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20 Oct, 2023 20:00

NATO state threatens to close Baltic Sea to Russian ships

Latvia’s president has proposed a blockade in response to the Balticonnector pipeline leak
NATO state threatens to close Baltic Sea to Russian ships

If Moscow was behind the damage to the Finland-Estonia gas pipeline, NATO should seriously consider closing the Baltic Sea to Russian shipping, Latvian President Edgars Rinkevics has said.

“I would say that if we see incidents of this kind, then in my understanding NATO should simply close the Baltic Sea to shipping. This can be done,” Rinkevics said in an interview with the Latvian channel TV3 on Thursday evening. His office later clarified that he specifically meant Russian shipping, not all maritime traffic.

Rinkevics noted that this has not been discussed within NATO, because the investigation into the Balticonnector incident is still ongoing, but that a naval blockade is one of the options “on the table.”

“Of course, it is also a question of a whole series of international law of the sea,” he added. Under international law, a naval blockade is considered an act of war. 

Balticonnector, the undersea gas pipeline connecting a liquefied natural gas (LNG) import terminal in Finland to Estonia, shut down on October 8 due to a sudden loss of pressure. Finnish President Sauli Niinisto has accused an “external party” of involvement in physical damage to the pipeline, as well as two nearby data cables. 

NATO has so far responded by deploying minesweeper ships and patrol aircraft to the Baltic, to “safeguard undersea infrastructure.”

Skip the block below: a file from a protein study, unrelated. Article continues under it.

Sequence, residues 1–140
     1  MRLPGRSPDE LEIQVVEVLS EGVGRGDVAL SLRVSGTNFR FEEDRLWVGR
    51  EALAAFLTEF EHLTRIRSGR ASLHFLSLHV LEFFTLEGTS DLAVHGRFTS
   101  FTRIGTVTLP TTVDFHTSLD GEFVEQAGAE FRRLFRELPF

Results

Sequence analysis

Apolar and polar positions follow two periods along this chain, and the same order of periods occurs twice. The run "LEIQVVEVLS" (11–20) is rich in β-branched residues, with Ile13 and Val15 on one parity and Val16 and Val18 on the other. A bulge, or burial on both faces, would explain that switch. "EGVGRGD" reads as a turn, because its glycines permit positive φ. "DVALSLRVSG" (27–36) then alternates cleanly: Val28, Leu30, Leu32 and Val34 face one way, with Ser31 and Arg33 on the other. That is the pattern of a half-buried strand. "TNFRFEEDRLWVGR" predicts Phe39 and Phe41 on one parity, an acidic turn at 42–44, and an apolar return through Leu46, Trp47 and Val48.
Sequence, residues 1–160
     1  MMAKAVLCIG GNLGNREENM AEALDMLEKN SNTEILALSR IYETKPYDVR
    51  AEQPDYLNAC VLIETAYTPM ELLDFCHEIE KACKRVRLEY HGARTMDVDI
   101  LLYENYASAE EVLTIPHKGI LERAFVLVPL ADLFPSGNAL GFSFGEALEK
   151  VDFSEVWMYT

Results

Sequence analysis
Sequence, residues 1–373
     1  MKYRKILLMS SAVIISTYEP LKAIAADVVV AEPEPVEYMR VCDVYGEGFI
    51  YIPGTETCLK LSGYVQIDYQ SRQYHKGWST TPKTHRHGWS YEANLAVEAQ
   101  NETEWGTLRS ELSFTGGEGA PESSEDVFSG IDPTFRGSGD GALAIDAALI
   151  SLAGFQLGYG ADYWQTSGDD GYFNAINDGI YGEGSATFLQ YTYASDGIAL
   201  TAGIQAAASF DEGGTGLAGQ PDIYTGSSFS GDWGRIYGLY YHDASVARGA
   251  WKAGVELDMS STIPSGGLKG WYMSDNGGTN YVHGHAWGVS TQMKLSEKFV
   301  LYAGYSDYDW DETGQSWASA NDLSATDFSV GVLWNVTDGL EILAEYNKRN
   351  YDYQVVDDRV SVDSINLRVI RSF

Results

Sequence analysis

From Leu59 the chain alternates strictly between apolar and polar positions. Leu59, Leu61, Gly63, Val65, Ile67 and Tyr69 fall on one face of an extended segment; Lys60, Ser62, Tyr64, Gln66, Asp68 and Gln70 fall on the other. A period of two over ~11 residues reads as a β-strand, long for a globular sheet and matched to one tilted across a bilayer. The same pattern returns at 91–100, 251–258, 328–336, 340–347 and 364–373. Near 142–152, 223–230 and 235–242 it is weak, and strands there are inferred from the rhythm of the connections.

Closing the Baltic Sea to Russian shipping would essentially blockade Russia’s second-largest commercial port, that of St. Petersburg. It would also cut off Kaliningrad Region from the Russian mainland, as overland traffic through Estonia, Latvia, and Lithuania has already been blocked by an EU embargo tied to the Ukraine conflict.

Meanwhile, investigators from Sweden, Denmark, and Germany are still working on figuring out who blew up the Nord Stream pipelines in September 2022. The natural gas pipeline from Russia to Germany was damaged in a series of underwater explosions that officially remain unsolved. 

In February, investigative reporter Seymour Hersh published a bombshell article that accused the US government and Norway of blowing up Nord Stream. The US government has officially denied Hersh’s claims, calling his report “utterly false and complete fiction.”

Shortly thereafter, some US outlets suggested a group of Ukrainians may have done it instead. Ukrainian President Vladimir Zelensky has likewise denied any responsibility for the Nord Stream sabotage.